Recap and review of Modern Family – Season 4 Episode 7 – Arrested
Modern Family is getting back to its core strengths, utilizing its ensemble to tell condensed, yet separated, stories that resonate in their universality. “Arrested” is successful for how it sorts through differing ideologies in parenting. Claire (Julie Bowen) is thrown by how calm Phil (Ty Burrell) is in high-stress situations, particularly after Haley (Sarah Hyland) is arrested for underage drinking. Meanwhile, Cam (Eric Stonestreet) is watching after Luke (Nolan Gould), Alex (Ariel Winter), and Lily (Aubrey Anderson-Emmons), and he intends to rub his good parenting skills in Claire’s face, mistakenly believing that she doesn’t think he’s a capable father. We then have Jay (Ed O’Neill), who must face the future of the more active role he’ll need to take in the upbringing of his and Gloria’s child. With each plotline, the issue of parenthood is brought to the fore. How is a parent supposed to parent? Is there a canon, a prescribed mode of reaction for each outlandish situation your child finds themselves in? More than anything else, and it’s an issue that is addressed directly by Gloria in a monologue at the end of the episode, “Arrested” illustrates that whether your kids are well-behaved or not, there is no easy part to parenting. Any more than there is one concrete way to parent.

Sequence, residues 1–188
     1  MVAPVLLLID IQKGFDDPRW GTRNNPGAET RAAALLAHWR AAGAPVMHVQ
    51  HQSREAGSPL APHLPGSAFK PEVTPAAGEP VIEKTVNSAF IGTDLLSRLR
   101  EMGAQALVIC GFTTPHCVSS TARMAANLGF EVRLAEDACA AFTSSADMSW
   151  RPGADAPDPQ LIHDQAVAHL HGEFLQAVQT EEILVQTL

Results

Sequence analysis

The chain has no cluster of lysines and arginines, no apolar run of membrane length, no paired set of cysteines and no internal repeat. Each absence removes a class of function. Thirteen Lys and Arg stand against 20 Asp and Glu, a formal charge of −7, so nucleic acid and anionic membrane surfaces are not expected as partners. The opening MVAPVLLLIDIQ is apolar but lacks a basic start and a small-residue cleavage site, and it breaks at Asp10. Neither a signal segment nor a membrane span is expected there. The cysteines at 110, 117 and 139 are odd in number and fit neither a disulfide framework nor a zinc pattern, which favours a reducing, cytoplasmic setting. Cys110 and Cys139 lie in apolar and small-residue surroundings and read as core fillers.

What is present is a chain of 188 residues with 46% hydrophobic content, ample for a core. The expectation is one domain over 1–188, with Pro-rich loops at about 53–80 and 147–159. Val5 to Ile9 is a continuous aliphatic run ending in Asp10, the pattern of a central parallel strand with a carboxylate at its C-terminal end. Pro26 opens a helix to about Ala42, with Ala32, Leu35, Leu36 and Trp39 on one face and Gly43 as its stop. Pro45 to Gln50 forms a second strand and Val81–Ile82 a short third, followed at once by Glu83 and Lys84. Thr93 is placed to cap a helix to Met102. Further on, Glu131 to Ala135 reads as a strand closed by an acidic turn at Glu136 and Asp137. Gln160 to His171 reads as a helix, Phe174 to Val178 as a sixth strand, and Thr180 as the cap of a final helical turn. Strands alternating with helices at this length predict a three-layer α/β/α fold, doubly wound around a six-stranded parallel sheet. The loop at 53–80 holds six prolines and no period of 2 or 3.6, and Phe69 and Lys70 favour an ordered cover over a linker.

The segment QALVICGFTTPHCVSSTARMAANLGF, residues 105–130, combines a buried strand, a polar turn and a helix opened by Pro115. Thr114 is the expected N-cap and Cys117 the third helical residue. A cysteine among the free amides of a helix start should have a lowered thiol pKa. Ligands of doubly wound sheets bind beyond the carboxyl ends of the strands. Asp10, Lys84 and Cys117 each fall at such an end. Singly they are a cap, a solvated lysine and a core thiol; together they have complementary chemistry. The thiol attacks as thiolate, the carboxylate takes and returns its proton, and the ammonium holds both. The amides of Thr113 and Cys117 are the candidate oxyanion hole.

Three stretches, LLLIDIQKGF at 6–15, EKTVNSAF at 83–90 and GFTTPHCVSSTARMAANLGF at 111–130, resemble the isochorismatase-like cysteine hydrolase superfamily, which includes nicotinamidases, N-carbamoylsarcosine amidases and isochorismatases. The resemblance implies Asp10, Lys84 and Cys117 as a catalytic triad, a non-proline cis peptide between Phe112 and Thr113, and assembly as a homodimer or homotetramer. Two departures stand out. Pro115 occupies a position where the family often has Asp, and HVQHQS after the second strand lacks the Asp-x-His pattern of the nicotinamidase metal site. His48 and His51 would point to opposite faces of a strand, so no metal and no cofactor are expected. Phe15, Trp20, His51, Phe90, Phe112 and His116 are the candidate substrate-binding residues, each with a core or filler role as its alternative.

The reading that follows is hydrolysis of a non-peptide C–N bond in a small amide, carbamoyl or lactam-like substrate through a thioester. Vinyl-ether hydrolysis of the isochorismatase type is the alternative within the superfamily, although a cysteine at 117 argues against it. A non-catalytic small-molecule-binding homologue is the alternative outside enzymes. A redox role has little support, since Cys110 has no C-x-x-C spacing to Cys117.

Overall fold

The plot with Haley’s arrest takes up most of the episode, which is a good thing, since it’s the strongest thread of the episode. Claire is increasingly frustrated with Phil’s even-handed temperament regarding their daughter, which is a character conflict that’s easy to follow and also provides plenty of room for escalation in both the story and comedy departments. When Phil finally snaps on Haley, it’s a moment that’s as surprising as it is winning. Phil is the silly parent far too often, and so it’s both jarring and strangely gratifying to see him give Haley a stern, authoritative dressing-down. Julie Bowen’s performance is also nicely understated here, as we can see pride glinting in her eyes and in her smile in the background, which the camera smartly doesn’t draw attention to. And Claire rewarding Phil with waffles pays off an earlier joke about how nobody’s eaten since being woken up at 3am to bail Haley out of jail. It’s a tidy little plotline that’s resonant in how it tells us that while Phil’s style of parenting worked in this instance, it’s not necessarily more valid than Claire’s – the Dunphys are a team, and they work together, and neither parenting style would work if they didn’t present a unified front. They reinforce one another, and it’s actually quite beautiful, as is Haley’s realization of her own immaturity, and her need to start being responsible. Haley is kicked out of school at the end of the episode, though she’s offered the opportunity to apply again next year, and so for now, it looks like the Dunphy household will be crowded once again, which is fine by me, since Alex badly needs somebody to bounce off of, and Claire wasn’t providing the same amount of friction as Haley.